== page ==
Vernon, California, voters this month ended the industrial city's practice of using a utility fund to close deficits.

Voters approved Measure R on April 10 in a 31-16 vote, with 61% of Vernon’s 87 registered voters casting ballots. Moody’s Investors Service called passage of the measure a credit positive for the utility in a report on Monday.

Though the city five miles south of downtown Los Angeles has a population of 211, the 1,700 businesses located there employ 55,000.

Vernon voters approved a tax that closes an annual budget shortfall.
Vernon voters approved a tax that closes an annual budget shortfall. Downtowngal via Wikimedia Commons

Cash transfers from the utility historically accounted for about 25% of total inflows to the city’s account; without the payments, the city would have a substantial deficit each year, wrote Gayle Podurgiel, a Moody’s analyst.

The city projects the 6% tax on industrial utilities' consumption will add about $12 million annually to its general fund until it expires in 10 years.

Over the past five years, payments to the city from the electric utility have averaged $13.4 million a year, or about seven percent of the utility's operational revenue, Moody’s analysts wrote.

“The tax is credit positive for Vernon Electric Enterprise’s electric revenue bonds, because the tax revenue is earmarked to replace money currently supplied by the electric utility,” Podurgiel wrote. “Additionally, this legislation is further evidence of the city's multi-year reform initiative to strengthen its governance practices.”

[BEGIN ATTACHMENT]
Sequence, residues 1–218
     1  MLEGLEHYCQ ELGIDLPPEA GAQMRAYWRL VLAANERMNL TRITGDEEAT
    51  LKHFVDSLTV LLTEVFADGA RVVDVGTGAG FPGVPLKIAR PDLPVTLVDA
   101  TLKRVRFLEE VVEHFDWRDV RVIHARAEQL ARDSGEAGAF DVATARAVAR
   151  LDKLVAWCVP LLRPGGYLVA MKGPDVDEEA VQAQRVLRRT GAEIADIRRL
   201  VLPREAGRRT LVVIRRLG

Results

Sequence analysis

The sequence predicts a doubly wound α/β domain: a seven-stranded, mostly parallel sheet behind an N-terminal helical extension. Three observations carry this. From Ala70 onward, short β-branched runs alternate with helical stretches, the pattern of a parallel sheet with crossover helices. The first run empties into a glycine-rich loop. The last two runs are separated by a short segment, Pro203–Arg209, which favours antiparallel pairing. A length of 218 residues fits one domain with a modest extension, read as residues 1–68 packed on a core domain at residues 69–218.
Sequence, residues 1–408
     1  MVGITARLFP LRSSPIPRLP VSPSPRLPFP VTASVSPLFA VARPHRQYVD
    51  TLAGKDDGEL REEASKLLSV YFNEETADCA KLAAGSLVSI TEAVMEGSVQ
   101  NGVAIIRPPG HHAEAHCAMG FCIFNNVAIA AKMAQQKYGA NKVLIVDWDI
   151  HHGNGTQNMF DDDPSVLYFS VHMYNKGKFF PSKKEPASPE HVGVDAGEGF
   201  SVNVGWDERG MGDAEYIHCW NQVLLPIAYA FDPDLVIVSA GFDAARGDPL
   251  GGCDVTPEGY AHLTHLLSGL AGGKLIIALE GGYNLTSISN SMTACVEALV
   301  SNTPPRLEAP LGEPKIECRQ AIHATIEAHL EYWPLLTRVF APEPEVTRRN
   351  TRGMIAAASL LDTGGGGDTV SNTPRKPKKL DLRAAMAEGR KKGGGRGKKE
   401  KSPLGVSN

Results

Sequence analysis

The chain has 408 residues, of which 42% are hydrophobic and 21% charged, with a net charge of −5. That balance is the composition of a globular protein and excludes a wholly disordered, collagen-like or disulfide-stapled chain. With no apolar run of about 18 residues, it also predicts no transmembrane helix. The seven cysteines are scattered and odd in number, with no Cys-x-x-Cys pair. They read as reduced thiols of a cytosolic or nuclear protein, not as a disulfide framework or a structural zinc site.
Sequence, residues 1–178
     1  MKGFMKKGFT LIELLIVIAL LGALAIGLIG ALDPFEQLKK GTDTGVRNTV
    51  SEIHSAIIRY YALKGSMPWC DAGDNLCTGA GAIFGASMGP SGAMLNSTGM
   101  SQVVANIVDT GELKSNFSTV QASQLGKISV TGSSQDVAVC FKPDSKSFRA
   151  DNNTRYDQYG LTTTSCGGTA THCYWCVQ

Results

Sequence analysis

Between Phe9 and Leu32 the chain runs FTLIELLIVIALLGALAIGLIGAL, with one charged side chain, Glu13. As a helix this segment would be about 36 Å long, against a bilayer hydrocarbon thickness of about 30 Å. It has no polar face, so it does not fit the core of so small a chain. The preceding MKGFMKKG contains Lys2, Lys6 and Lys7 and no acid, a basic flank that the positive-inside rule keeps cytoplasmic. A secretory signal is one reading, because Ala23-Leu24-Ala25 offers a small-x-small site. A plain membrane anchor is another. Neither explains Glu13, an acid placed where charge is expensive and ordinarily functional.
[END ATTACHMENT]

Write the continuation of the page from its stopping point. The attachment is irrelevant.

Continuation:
A measure that would have placed the 6% tax increase on residential users as well as industrial and commercial users failed last year. The new tax on electricity, gas, telecommunications, and water utility services excludes residential customers.

The measure increases the utility user tax from 1% to 6% to equal or exceed the existing operating transfer from the utility to the general fund. The change means the city government side should be able to sustain itself without transfers from utility enterprise operations, according to the ballot measure.

Moody’s cited weak financial metrics and the general fund’s reliance on the transfer in downgrading the utility’s bonds from Baa1 to Baa3 and giving them a negative outlook on Oct. 18, 2016.

In that report, Moody’s analysts estimated that 27% of the general fund budget came from the transfer and that the city would have a large deficit without it.

S&P Global revised its outlook to negative in December, while affirming its A-minus rating.

The electric utility had $368 million of debt outstanding as of June 30, 2017, and serves 1,916 customers, according to audited financial statements posted Jan. 4 on the Municipal Securities Rulemaking Board’s EMMA website.

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